The Geography of African Investment: Infrastructure Networks and Foreign Direct Investment

RS (Ronald) Wall*, Lynda Bitrus, Taslim Alade

*Corresponding author for this work

Research output: Chapter/Conference proceedingChapterAcademic


Globally, Foreign Direct Investments (FDI) is one of the essential features of the world economy and Global Economic Integration. The availability of Infrastructure is considered as one of the factors that guide the investment decision of Multinational Enterprises and these Enterprises carry out foreign
Direct investment. The purpose of this research is to analyse the function of infrastructure networks in determining the attractiveness of countries for greenfield FDI. The study analysed the relationship between FDI and the spatial configuration of the physical infrastructure network in Africa with emphasis
on the Lagos-Abidjan (L-A) Corridor in West Africa by benchmarking Europe and the North Sea Mediterranean (NS-M) corridor by means of space syntax methodology. This benchmark is necessary since the West African region, where the L-A corridor is located have consistently perceived European countries and particularly the EU as a guide.
Firstly, the network centrality measures of the infrastructure in 40 African countries and 38 European countries were generated using GIS analysis in ARCMAP10.4.1 and space syntax analysis in UCL DepthMapX.
Secondly, the network centrality measures of degree centrality (measured by
connectivity); closeness centrality (measured by integration); and the betweenness centrality (measured by the choice) were obtained and used in a panel data regression using a random effect model to determine the influence of infrastructure network on the inflow of (a) Total FDI (obtained from the FDI market of the financial times) into Africa and Europe as well as to L-A and NS-M corridors; (b) FDI inflow into four sectors in Africa namely Hitech, manufacturing, resources and services from 2006 to 2014.
The findings show a strong significance of the infrastructure network in attracting FDI in both Europe and Africa as well as in NS-M and the L-A corridor. However, variation exists based on Regional Economic Community (REC) and the rate of impact of the infrastructure network, as well as in its interaction with other location and competitiveness factors. The infrastructure network, large
market size and Regional Economic Community are essential for FDI attraction in EU member states in Europe whereas FDI to non-EU member states is sensitive to macroeconomic stability, large market size, labour force and institutions. On the other hand, in Africa, infrastructure network and the large market size is a determinant of FDI to Sub-Saharan Africa (SSA) whereas, in non-Sub-Saharan Africa(nonSSA), Institution and labour force are the major determinant of FDI inflow. While, in both Africa and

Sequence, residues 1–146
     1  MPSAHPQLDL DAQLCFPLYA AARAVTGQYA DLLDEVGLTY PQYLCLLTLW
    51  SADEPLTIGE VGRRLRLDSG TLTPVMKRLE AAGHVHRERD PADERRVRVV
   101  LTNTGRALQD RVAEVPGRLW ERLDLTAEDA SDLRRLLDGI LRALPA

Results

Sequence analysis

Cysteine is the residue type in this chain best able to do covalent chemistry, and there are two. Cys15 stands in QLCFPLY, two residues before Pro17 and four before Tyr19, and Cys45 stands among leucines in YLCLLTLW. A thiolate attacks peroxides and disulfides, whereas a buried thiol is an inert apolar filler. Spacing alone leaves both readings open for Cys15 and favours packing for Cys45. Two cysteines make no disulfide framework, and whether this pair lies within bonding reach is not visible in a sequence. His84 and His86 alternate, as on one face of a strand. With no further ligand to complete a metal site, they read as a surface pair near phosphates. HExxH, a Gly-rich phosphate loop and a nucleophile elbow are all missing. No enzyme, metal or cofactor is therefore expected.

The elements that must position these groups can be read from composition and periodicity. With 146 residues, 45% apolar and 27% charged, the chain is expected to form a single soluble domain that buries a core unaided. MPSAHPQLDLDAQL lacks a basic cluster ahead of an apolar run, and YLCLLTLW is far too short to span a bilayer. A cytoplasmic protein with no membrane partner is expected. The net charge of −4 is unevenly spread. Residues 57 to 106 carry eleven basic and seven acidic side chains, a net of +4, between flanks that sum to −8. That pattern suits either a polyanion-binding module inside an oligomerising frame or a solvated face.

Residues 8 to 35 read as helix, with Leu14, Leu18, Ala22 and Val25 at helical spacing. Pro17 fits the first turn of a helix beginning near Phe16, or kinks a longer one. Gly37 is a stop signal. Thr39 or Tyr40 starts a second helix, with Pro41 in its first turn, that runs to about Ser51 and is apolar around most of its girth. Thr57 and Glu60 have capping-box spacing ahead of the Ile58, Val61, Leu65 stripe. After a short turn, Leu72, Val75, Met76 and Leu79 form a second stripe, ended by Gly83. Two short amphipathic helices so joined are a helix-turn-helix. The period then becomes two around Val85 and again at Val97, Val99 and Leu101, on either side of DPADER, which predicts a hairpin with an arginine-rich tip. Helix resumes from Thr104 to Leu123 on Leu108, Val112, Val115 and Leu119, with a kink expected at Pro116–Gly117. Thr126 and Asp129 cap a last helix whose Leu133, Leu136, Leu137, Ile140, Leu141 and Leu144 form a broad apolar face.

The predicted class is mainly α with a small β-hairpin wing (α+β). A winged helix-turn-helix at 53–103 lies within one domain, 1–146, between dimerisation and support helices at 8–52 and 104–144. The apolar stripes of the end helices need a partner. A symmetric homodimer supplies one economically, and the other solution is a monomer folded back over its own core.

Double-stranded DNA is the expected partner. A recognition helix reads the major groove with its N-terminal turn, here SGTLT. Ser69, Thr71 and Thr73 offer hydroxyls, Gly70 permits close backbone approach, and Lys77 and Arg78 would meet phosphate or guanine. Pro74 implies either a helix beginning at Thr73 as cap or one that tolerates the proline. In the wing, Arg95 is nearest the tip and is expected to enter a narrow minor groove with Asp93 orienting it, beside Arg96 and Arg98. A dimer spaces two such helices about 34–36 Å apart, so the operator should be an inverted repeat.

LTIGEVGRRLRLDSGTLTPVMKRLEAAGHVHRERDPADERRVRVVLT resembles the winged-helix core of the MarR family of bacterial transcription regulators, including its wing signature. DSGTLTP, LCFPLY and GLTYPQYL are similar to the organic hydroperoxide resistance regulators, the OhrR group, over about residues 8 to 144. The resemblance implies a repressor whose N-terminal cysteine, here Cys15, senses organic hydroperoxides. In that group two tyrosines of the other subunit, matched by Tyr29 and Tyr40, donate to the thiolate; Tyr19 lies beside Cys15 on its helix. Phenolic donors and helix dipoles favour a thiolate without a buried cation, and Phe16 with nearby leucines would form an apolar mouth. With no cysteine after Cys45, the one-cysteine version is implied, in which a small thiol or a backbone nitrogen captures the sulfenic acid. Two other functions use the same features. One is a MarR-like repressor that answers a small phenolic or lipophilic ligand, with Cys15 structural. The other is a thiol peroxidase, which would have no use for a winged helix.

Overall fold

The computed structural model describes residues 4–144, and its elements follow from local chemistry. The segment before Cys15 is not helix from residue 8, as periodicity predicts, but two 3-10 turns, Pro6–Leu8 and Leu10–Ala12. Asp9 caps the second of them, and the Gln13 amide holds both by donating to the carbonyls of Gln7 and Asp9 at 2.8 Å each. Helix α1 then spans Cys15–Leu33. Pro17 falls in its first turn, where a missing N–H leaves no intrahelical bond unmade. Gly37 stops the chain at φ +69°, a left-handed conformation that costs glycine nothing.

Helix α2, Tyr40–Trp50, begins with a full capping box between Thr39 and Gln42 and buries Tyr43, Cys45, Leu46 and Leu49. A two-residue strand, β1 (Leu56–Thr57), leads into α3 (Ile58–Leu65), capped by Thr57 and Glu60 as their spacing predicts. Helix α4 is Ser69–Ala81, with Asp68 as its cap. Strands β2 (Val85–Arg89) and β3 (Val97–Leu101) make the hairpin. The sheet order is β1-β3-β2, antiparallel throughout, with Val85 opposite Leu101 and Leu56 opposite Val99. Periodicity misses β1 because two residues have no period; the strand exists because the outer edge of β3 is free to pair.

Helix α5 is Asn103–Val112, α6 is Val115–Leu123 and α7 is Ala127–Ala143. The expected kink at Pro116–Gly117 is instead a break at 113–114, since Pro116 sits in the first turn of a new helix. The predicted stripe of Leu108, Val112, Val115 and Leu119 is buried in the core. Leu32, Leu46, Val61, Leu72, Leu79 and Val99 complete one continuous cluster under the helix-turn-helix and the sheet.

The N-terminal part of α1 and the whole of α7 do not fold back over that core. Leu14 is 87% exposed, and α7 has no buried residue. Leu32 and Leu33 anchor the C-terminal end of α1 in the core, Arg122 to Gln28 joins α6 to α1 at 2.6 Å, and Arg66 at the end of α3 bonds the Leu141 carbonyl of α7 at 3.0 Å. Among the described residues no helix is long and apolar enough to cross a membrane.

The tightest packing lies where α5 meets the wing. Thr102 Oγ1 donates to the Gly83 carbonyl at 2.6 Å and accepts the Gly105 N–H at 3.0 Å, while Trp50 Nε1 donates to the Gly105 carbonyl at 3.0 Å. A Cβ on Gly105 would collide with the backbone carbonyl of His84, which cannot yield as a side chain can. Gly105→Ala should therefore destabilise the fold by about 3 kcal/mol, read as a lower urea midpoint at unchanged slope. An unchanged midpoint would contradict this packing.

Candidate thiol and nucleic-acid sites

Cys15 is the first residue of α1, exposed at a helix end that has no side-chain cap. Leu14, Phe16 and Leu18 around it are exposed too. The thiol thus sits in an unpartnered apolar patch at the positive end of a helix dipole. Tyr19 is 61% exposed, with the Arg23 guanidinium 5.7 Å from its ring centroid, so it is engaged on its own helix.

Europe, regions with good Regional Economic Community (REC) attract more FDI than regions with weak REC. Furthermore, Contrary to Europe that has bridged the gap between coastal and landlocked areas with good infrastructure and logistics services, hence, eliminating the disparity between coastal and land-locked regions, coastal regions in Africa and in SSA in particular attracts more FDI than landlocked areas and infrastructure network is significant for FDI in manufacturing, service and resource sectors in SSA with high elasticity in the manufacturing sector, however, its impact and level of significance varies based on region and sub-region. Additionally, French-speaking countries in the L-A
corridor attract less FDI than English speaking countries. This indicates that improved and welldeveloped infrastructure is a vital tool for FDI attraction and cross-border trade facilitation by enhancing the physical connectivity of countries and improving the investment climate in Africa and Europe as well
as the two corridors respectively.
The findings can be useful to Government, Policy Makers and Urban Development Administrators with respect to FDI, Regional and Global Economic Integration. This can be achieved by understanding that
an infrastructure network has the potential to bridge the gap between coastal regions and the hinterland. It is equally important for international development/donor agencies and countries interested in the construction of new as well as rehabilitation of existing infrastructure to understand its network effect and prioritise accordingly since infrastructure network can serve as a development tool for both developing and emerging economies. The main novelty of this study lies in the treatment of infrastructure as a spatial network with topological dimension, using GIS and space syntax analysis; using a spatial configuration of infrastructure network measures and a non-spatial unit flow of
investment (greenfield FDI) representing the spatial location of MNE’s to explain the extent of Global.
Economic Integration; confronting Infrastructure network with other factors, such as macroeconomic environment, institutions, market size, labour force as well as controlling for strategic location, ethnolinguistic diversity and Regional Economic Community which also may play a significant role both in FDI attraction in Regional Economic Integration.
Original languageEnglish
Title of host publicationThe Geography of African Investment
Subtitle of host publicationInfrastructure Networks and Foreign Direct Investment
Chapter5 Part B
Number of pages181
Publication statusPublished - 2018


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